The US government has established new authorities to impose sanctions in response to China’s national security law for Hong Kong, increasing the compliance risks for international banks and other companies that do business in Hong Kong, China and elsewhere.
The latest measures—the Hong Kong Autonomy Act and Executive Order 13936—expand sanctions authorities that had already been established under the Hong Kong Human Rights and Democracy Act of 2019. Together, these three measures, detailed below, establish a system of related and potentially overlapping sanctions that can be leveraged by the United States to respond to Chinese government's actions in Hong Kong that are inconsistent with US foreign policy objectives.
While the United States has not yet made any sanctions designations under the new authorities, banks and all others with actual or potential business in the region may wish to assess whether their customers and other counterparties have connections to the Chinese government officials and others who may be designated under these new authorities.
The Hong Kong Human Rights and Democracy Act of 2019
On November 27, 2019, President Trump signed into law the Hong Kong Human Rights and Democracy Act of 2019 (HKHRDA). The HKHRDA requires the Department of State to report annually to Congress whether Hong Kong is sufficiently autonomous in relation to Mainland China to justify its preferential treatment. The HKHRDA also requires the Department of Commerce to annually report to Congress any efforts by China to use Hong Kong to evade US export controls and sanctions and the extent of such violations.
Additionally, the HKHRDA requires the President to submit a report to Congress identifying each foreign person that the President determines is responsible for either the extrajudicial rendition, arbitrary detention or torture of any person in Hong Kong as well as any other gross violations of internationally recognized human rights in Hong Kong. The statute also requires the President to impose sanctions on any such person using the powers granted to the President under the International Emergency Economic Powers Act (IEEPA) to block and prohibit all transactions and property interests of such identified foreign persons as applicable under the law (blocking sanctions).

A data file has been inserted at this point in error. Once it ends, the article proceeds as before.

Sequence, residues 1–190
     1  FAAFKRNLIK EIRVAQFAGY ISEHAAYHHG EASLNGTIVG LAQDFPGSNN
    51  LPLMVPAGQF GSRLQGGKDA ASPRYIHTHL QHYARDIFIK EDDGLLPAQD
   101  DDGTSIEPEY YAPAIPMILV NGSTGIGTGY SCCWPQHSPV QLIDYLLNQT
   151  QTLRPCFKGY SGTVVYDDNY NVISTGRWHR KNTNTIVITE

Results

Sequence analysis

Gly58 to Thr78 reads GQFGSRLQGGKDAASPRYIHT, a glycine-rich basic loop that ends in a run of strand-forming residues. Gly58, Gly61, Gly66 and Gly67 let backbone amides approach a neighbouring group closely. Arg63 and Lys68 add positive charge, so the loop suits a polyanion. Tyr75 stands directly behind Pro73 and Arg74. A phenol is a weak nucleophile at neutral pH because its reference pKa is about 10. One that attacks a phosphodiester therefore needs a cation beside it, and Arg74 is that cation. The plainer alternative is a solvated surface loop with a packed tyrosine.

The Hong Kong Autonomy Act
On July 14, 2020, the President signed into law the Hong Kong Autonomy Act (HKAA), which establishes a framework for sanctions “with respect to foreign persons involved in the erosion of certain obligations of China with respect to Hong Kong, and for other purposes.” The HKAA requires the Secretary of State, in consultation with the Secretary of the Treasury, to identify foreign persons who are materially contributing, have materially contributed, or are attempting to materially contribute, to the failure of China to meet its obligations to ensure Hong Kong enjoys a high degree of autonomy without direct interference from Beijing. The statute also authorizes sanctions on foreign financial institutions that engage in certain transactions with such foreign persons.
Congress noted that China made certain commitments regarding the future of Hong Kong in the Joint Declaration of the Government of the United Kingdom of Great Britain and Northern Ireland and the Government of the People’s Republic of China on the Question of Hong Kong, done at Beijing on December 19, 1984 (Joint Declaration) and under the Basic Law of the Hong Kong Special Administrative Region of the People’s Republic of China (Basic Law). Further, Congress concluded that China has contravened those obligations. We note that the Chinese government announced in 1997 that the Joint Declaration no longer had any realistic meaning.
Under the HKAA, the Department of State has 90 days from enactment to submit a report to Congress on any foreign person it determines “is materially contributing to, has materially contributed to, or attempts to materially contribute to the failure of China to meet its obligations under the Joint Declaration or the Basic Law” (State Dept. Report). Subsequently, between 30 and 60 days from the submission of the State Dept. Report, the US Department of the Treasury is required to submit a report to Congress identifying “any foreign financial institution that knowingly conducts a significant transaction” with a person identified in the State Dept. Report (Treasury Dept. Report). The statute requires that both the State Dept. Report and the Treasury Dept. Report shall be regularly updated, with the updated reports submitted with the annual report under Section 301 of the US-Hong Kong Policy Act of 1992.